Effie Caldarola

Effie Caldarola

The Wednesday after the presidential election was a very emotional day in America.

Like millions of others, I was up way too late on election night, waiting for results to be clear before heading to a sleepless bed.

In the morning, social media exploded. No matter how one voted, passions prevailed. People exulted or were despondent; people were euphoric, depressed, angry, at times, simultaneously.

There was no in-between. Clearly my little Facebook page was a metaphor for a divided country.

Folks who had been all too happy to post partisan political rhetoric on their pages for over a year were suddenly whining that people were not being nice to them now.


Friends who normally posted kids’ pictures of sewing accomplishments suddenly laced remarks with profanity. People suspected others’ motivations. Folks took turns accusing or denying that a vote stemmed from racism, xenophobia or misogyny.

It was brutal, and that was on my Facebook page, a small group of “friends” comprised of actual friends and relatives, normally nice people.

Contributing to my Wednesday mood was the fact that Nebraska had voted to reinstate the death penalty. For three years, I worked as an organizer with an anti-death penalty group in our state. A legislative coalition, the majority Republican, strongly supported by Nebraska’s three Catholic bishops, abolished the death penalty in our state legislature.

Not only did our legislators have the courage to abolish, they summoned the votes to override our governor’s veto. But success was short-lived. A petition drive resulted in the issue being on the ballot, and now, about 60 percent of the electorate had voted to reinstate execution.

So, Wednesday passed in fatigue and weariness. Then, I noticed an email invitation. I am on the mailing list for a local Methodist church, which I had worked with during my organizing days.

Their church was open Wednesday night for “Prayers for Peace.” They were offering a time “to process, reflect, and come together in the wake of the election.”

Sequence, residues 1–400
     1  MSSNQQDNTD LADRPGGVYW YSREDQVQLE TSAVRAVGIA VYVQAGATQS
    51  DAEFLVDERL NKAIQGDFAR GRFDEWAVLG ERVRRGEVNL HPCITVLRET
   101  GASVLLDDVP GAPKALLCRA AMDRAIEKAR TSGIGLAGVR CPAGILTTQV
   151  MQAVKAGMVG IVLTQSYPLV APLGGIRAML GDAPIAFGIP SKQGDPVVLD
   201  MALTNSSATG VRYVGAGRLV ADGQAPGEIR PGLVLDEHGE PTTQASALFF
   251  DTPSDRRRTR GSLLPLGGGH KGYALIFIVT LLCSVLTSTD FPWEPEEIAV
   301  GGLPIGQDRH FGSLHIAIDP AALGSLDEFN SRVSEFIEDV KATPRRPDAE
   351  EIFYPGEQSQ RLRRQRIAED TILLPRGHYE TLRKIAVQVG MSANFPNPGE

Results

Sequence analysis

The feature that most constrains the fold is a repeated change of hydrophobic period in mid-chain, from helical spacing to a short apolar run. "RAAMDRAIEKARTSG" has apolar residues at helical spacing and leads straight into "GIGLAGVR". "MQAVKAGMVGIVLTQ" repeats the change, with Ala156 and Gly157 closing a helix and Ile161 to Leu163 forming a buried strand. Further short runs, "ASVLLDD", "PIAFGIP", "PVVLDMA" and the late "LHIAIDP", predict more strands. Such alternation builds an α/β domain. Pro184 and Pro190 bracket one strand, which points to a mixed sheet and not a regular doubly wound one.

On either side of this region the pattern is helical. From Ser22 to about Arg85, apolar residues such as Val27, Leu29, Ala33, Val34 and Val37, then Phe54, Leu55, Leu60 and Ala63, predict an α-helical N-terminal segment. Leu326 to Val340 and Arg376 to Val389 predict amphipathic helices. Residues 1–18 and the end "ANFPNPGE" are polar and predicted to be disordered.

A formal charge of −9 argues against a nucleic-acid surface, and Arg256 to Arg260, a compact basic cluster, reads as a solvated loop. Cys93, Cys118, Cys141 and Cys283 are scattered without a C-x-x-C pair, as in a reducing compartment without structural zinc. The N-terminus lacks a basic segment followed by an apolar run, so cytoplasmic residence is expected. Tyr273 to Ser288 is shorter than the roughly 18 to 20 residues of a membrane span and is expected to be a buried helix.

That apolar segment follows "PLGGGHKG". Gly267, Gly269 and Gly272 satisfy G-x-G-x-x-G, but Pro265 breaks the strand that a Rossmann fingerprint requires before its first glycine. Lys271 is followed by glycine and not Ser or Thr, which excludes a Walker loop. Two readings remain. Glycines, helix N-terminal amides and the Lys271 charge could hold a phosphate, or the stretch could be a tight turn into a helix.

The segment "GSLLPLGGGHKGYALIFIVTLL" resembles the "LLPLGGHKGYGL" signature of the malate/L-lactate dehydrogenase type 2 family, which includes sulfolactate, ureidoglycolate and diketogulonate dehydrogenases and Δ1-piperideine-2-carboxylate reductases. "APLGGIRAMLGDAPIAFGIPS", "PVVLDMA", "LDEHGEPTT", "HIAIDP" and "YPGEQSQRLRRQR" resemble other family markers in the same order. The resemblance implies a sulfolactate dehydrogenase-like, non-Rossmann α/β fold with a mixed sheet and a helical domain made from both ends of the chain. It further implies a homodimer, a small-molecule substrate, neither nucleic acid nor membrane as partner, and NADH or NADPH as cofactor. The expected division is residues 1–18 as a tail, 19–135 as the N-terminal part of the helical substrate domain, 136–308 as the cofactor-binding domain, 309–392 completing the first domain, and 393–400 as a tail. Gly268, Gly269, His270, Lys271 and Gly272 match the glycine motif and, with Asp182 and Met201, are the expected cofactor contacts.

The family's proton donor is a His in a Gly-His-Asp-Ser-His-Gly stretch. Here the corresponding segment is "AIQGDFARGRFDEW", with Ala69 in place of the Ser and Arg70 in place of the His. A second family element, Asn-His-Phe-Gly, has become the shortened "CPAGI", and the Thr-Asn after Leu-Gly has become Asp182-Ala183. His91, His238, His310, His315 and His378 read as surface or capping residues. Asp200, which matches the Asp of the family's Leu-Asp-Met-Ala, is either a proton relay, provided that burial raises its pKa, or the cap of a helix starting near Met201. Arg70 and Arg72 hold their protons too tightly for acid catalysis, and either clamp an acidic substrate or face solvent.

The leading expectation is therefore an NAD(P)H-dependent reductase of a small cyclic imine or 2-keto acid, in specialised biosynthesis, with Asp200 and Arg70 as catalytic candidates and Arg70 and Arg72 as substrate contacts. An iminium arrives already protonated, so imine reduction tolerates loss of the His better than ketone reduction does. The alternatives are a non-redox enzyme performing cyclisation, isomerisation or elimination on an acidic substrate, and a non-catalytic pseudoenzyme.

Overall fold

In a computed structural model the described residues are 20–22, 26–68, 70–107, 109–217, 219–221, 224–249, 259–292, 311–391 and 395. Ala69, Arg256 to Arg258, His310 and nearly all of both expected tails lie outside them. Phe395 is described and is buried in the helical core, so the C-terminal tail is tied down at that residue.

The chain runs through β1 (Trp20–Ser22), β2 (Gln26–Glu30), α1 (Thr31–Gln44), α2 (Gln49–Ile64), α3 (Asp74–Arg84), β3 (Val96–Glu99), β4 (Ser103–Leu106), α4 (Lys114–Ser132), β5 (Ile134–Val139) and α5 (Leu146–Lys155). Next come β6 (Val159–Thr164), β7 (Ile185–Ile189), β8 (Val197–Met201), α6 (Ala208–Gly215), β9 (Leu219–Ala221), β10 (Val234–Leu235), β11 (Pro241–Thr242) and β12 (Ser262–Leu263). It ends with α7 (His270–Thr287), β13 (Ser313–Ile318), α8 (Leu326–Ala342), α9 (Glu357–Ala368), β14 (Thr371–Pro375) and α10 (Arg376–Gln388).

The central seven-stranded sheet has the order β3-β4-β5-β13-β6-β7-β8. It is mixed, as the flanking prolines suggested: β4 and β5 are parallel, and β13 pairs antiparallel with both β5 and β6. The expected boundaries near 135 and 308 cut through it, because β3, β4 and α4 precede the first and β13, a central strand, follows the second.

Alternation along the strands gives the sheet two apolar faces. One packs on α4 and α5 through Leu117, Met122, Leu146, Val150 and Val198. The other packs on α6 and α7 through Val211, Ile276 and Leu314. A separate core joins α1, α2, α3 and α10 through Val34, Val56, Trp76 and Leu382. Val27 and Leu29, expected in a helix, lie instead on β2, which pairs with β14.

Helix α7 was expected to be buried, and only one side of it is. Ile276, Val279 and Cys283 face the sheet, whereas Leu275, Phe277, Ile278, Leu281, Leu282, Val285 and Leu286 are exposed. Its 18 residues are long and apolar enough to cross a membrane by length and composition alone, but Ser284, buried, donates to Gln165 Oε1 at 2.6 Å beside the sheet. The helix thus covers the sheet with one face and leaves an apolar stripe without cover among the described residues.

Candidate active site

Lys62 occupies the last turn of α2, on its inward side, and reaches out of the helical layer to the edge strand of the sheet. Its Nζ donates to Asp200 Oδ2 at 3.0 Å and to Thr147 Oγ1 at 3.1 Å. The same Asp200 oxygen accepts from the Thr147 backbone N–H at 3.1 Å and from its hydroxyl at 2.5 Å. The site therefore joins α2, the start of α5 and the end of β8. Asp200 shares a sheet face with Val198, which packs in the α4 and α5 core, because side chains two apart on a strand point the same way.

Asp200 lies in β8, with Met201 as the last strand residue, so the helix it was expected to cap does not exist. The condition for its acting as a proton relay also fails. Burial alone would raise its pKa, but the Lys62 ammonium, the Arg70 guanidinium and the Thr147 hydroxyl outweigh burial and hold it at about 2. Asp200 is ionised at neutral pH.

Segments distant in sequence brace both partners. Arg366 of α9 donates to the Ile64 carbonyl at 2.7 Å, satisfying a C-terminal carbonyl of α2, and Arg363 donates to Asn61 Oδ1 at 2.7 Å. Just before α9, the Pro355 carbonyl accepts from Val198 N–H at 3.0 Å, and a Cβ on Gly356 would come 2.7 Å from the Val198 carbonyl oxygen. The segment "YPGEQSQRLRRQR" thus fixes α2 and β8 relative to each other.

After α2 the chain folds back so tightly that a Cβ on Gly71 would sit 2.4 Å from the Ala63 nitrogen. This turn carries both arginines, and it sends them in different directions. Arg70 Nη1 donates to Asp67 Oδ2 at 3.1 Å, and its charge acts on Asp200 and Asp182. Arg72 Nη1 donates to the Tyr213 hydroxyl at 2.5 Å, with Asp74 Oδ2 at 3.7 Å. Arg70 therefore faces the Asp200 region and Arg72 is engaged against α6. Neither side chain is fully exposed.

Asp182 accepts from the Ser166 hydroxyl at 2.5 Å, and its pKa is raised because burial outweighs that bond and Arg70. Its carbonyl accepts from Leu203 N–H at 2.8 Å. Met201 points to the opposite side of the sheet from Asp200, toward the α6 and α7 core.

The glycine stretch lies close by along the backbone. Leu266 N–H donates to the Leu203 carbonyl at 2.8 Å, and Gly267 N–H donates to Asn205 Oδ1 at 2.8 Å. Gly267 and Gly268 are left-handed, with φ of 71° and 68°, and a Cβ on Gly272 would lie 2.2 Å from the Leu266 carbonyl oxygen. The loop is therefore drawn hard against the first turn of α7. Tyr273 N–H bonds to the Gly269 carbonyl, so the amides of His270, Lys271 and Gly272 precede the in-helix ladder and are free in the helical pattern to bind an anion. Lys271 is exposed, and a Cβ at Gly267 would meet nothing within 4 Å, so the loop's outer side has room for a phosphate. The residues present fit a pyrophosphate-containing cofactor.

The thought of praying in community in a quiet, nonpartisan place was deeply appealing. Perhaps a Catholic Church in town was offering the same — one had opened their doors on Election Day for prayer — but I didn’t know of any.

So, I headed to the Methodist church. Small groups were chatting softly and solitary folks were praying silently in pews. The three-hour open house had included a communion service, but I had purposely arrived after that concluded.

Nevertheless, the pastor came to me and indicated the bread and chalice that remained on the altar.

“You’re welcome to receive communion,” she said.

“I’m not a Methodist,” I explained politely.

“Neither is God,” she smiled.

Ah, yes, I thought. And neither is God a Democrat or a Republican, a liberal or a conservative. No political labels for God, just compassionate, merciful, inclusive.

After victory or defeat, the first inclination is to recommit to your own partisan efforts. This isn’t a bad inclination — citizens should work for causes, charities and justice issues that call to them. Passion is good.

But prayer comes first.

By Thursday, Facebook was growing reflective. People were apologizing for outbursts and offering support to anyone in a group who might be harassed, terrorized or intimidated by a small but dangerous minority.

A friend posted a picture of Martin Luther King Jr. with his words: “I have decided to stick with love. Hate is too great a burden to bear.”

That hangs in my office now, a reminder from a martyred hero that courageous political activism begins, ends and has its roots in love, faith and God.